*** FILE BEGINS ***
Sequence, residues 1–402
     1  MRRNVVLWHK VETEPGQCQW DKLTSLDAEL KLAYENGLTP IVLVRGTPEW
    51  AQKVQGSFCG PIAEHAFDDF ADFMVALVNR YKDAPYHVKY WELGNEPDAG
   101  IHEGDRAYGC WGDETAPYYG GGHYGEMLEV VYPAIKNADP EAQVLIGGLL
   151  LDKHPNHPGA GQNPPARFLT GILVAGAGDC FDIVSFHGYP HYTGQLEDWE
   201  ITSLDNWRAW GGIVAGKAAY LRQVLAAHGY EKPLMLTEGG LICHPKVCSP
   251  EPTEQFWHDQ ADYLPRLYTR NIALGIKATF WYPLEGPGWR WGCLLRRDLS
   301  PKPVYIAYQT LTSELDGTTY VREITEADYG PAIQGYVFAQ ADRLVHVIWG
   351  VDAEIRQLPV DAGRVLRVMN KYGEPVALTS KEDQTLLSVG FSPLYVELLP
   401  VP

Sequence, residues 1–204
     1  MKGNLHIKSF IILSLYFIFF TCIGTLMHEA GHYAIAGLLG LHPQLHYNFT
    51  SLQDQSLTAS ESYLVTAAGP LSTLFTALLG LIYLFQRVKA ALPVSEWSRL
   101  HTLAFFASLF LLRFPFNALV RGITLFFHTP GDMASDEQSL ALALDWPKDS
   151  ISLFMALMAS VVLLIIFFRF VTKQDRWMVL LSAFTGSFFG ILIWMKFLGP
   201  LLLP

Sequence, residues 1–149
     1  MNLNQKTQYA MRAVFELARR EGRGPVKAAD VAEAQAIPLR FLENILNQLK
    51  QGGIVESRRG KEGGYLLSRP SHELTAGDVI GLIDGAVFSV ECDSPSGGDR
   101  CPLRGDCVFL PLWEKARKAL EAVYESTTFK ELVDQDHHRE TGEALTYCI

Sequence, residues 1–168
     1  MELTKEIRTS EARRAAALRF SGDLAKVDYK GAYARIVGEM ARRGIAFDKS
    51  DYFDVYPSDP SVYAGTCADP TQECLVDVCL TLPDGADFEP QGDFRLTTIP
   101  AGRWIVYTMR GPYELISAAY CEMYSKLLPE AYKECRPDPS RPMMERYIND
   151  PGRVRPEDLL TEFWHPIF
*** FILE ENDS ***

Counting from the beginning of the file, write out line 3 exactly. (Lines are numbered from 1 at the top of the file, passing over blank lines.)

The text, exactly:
    51  AQKVQGSFCG PIAEHAFDDF ADFMVALVNR YKDAPYHVKY WELGNEPDAG